October 21, 2008, 12:00 AM

Online Hispanics shop at Wal-Mart the most, but give Amazon highest marks

Hispanic consumers that use the Internet shop at Wal-Mart more than at any other retailer, and by a sizable margin. But they give Amazon.com and Target higher marks for delivering a good experience, according to a survey by Forrester Research Inc.

Hispanic consumers that use the Internet shop at Wal-Mart Stores Inc. more than at any other retailer, and by a sizable margin. But they give Amazon.com Inc. and Target Corp. higher marks for delivering a good experience, according to a survey this summer by Forrester Research Inc.

The survey also found that security concerns was the biggest obstacle to Hispanics shopping online, especially those who prefer speaking in Spanish.

Wal-Mart easily topped the list when consumers were asked where they had shopped in the previous 30 days, cited by 46% of first-generation Hispanics (those born outside the U.S.), 51% of second generation and 53% of third generation. Comparable figures for Target were 33%, 43% and 43%; for Amazon, 29%, 33% and 36%; and for eBay 27%, 21% and 24%.

But Wal-Mart ranked behind both Amazon and Target when consumers were asked how easy it was to work with those retailers, how effective they were in meeting the consumer’s needs and how enjoyable the interactions were. Target and Amazon tied for the top score on the first question and Amazon led the way on the second and third survey questions.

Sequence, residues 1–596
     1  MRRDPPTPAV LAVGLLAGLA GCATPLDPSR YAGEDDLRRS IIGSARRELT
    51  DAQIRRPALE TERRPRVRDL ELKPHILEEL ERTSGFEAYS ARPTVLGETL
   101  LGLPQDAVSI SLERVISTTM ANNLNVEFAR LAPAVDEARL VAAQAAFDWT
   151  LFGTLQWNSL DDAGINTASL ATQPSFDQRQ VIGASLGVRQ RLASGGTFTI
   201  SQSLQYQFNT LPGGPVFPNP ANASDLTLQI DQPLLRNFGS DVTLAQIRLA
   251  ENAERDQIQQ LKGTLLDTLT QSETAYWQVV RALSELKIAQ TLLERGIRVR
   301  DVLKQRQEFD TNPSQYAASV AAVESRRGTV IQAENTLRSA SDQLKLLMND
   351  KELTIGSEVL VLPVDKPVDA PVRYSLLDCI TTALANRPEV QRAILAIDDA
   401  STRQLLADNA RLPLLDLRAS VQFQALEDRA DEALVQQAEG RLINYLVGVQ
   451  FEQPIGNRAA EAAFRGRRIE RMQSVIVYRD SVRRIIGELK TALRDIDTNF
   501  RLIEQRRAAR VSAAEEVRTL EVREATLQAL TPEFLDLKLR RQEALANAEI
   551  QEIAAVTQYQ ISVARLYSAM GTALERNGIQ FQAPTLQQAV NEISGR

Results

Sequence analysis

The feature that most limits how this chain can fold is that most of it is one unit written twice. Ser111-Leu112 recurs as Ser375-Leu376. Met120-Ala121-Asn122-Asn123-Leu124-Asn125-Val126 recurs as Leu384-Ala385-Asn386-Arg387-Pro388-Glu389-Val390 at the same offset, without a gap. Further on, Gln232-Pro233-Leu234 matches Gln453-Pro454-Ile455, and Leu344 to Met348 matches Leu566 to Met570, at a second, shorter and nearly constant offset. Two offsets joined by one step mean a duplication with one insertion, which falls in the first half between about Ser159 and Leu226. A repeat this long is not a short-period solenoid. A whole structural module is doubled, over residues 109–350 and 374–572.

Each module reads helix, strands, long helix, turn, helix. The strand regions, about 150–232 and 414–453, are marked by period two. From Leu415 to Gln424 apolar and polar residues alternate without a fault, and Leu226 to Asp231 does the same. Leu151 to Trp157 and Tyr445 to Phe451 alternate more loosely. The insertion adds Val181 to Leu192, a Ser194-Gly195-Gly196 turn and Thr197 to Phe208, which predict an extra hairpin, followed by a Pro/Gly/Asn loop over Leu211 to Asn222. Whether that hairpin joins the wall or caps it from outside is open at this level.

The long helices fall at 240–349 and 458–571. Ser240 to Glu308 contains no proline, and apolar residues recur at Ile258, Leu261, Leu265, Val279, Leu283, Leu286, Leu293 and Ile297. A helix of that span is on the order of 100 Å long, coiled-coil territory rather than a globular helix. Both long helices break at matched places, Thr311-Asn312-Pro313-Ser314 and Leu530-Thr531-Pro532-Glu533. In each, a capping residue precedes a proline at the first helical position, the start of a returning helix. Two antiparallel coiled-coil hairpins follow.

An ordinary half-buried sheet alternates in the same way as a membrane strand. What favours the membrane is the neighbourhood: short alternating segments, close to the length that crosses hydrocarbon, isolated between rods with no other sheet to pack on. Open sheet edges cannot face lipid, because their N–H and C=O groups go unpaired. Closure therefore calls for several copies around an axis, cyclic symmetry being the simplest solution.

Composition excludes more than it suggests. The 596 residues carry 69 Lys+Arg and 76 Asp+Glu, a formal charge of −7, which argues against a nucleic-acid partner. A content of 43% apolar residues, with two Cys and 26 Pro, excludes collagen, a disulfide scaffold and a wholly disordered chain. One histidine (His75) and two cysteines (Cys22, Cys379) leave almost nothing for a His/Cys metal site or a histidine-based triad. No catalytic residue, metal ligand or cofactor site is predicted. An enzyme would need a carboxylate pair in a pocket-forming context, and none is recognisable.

Those respondents who use the Internet but do not shop online mostly cited security fears as the reason for not buying from web sites. That was cited by 44% of first-generation respondents, 36% of second generation and 50% of third generation. The next most-cited reason was “I prefer to see an item in person before purchasing it,” cited by 40% of first- and second-generation respondents and 39% of third-generation Hispanics. 29% of first-generation respondents said shipping charges are too high, a reason cited by 37% among the second generation and 23% among third-generation respondents.

The results are based on an online survey of 3,370 Hispanic adults conducted in July and August.

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